Economists: Credit will tighten for farmers

Published 12:24 am Tuesday, December 2, 2008

The nation’s credit crunch had little effect on farmers this year, but economists say that will change when planters attempt to secure loans next year.

Farmers are usually good credit risks for banks and their balance sheets have continued to improve since the mid-1980s when the agricultural sector had significant financial problems.

David Schweikhardt, a professor of domestic policy and international trade issues in the Department of Agricultural, Food and Resource Economics at Michigan State University, says even farmers with good credit scores and history with a bank may have trouble getting loans in 2009.

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“People are being lulled into a sense of false confidence,” Schweikhardt said. “We hear a lot of discussion that agriculture is not going to be impacted by the economic downturn because we haven’t seen it so far. I think that has to do with the timing more than anything else.”

Most farmers had already received loans to buy the seed, fertilizer and equipment they needed because the credit markets were at the time not frozen by an economy in recession.

Schweikhardt said high commodity prices and good yields in recent years has also caused many people to assume the agricultural sector’s balance sheets will be positive and producers will have no trouble borrowing the money next year.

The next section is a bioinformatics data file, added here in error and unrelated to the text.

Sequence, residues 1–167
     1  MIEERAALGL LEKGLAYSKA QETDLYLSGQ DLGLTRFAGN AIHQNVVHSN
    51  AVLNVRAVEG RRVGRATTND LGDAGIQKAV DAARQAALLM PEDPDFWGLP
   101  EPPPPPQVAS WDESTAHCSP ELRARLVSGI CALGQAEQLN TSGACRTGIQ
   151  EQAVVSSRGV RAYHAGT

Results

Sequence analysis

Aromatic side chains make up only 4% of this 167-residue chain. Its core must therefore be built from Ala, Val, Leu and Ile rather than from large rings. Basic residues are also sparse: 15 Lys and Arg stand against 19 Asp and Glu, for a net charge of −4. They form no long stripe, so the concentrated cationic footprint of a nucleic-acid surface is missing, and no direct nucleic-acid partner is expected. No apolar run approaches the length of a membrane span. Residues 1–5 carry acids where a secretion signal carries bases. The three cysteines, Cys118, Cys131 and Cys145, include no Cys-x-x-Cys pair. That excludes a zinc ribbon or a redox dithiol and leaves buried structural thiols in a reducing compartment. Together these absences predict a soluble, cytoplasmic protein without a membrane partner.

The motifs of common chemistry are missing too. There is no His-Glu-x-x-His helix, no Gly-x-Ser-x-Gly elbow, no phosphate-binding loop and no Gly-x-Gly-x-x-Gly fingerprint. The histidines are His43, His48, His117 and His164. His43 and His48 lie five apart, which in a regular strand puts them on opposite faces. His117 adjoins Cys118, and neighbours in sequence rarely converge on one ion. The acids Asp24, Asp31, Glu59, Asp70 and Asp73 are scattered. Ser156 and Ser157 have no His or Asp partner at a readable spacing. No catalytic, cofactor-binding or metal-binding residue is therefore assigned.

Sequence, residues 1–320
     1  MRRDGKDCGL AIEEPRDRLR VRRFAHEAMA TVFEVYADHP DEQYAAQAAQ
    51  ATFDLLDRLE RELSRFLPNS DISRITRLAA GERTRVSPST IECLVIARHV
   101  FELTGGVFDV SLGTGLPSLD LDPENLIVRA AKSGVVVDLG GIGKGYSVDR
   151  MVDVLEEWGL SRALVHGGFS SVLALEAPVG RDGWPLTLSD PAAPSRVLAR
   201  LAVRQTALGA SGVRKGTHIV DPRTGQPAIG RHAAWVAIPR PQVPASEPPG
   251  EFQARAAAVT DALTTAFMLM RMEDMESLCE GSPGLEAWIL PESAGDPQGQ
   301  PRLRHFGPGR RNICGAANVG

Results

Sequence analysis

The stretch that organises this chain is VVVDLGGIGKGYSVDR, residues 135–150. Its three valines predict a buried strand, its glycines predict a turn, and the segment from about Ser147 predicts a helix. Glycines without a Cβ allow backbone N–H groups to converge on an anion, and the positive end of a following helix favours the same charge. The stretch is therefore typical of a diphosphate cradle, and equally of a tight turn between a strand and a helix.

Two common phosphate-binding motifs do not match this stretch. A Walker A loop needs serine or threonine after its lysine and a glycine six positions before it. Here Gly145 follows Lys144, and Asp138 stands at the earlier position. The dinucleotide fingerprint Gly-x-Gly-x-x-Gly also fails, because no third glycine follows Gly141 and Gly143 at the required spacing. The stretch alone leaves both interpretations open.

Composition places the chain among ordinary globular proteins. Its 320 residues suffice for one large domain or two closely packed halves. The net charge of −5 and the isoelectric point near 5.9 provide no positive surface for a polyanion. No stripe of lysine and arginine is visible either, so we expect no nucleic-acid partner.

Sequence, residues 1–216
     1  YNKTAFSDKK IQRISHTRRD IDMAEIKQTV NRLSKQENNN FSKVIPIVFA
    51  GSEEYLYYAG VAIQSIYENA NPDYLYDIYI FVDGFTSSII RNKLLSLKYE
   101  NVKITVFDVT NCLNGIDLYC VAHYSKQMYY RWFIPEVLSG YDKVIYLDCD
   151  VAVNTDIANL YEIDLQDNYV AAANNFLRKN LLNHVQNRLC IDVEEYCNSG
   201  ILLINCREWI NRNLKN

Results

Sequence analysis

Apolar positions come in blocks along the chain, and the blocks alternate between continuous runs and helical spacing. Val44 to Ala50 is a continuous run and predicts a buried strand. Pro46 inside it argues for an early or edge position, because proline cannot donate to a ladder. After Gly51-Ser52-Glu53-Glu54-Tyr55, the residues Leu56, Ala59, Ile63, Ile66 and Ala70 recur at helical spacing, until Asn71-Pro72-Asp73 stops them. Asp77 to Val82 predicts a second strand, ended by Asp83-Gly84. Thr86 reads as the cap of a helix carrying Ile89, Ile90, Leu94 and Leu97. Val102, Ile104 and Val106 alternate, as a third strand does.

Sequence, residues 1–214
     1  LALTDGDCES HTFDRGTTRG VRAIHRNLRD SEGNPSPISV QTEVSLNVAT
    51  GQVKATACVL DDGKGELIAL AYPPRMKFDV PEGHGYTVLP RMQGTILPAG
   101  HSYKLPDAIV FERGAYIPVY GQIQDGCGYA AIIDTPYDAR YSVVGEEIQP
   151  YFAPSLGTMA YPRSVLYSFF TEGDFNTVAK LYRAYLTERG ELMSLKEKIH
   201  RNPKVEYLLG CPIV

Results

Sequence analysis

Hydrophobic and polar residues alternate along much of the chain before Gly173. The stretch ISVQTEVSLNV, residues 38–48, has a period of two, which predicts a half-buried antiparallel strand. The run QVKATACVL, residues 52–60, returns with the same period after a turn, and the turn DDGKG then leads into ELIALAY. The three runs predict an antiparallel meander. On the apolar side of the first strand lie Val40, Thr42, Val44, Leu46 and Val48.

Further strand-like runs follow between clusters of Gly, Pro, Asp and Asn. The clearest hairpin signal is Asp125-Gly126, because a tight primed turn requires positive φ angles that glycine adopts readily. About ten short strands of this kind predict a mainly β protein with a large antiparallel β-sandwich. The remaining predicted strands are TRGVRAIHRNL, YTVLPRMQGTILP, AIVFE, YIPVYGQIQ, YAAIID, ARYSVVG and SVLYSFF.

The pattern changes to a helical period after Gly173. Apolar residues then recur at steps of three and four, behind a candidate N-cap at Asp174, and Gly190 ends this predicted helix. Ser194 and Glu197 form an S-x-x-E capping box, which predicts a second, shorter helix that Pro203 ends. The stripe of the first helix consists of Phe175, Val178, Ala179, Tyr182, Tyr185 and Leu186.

Those assumptions are wrong, Schweikhardt said, because banks will raise their lending standards and demand more information than they did previously when making new loans.

“For the same amount of money they might have borrowed last year, producers will have to put up more collateral and provide more evidence that they’ll be able to pay back that money,” Schweikhardt said. “Lenders will be asking people more questions about the profitability of their operations and their ability to repay loans under worst-case scenarios.”

John Anderson, agricultural economist with the Mississippi State University Extension Service, said Mississippi producers typically go to the bank in late in November or December to apply for loans for the next year’s growing season.

Anderson recommended farmers prioritize expenses, carefully consider all purchases, and make only those needed to improve efficiency and keep the operation viable.

“Be prepared with a plan when you go to the bank,” Anderson said. “Have all your financial statements up-to-date and in order, and have as specific a plan as possible to demonstrate how the loan will be repaid and what your cash flow will look like in timing and amounts.”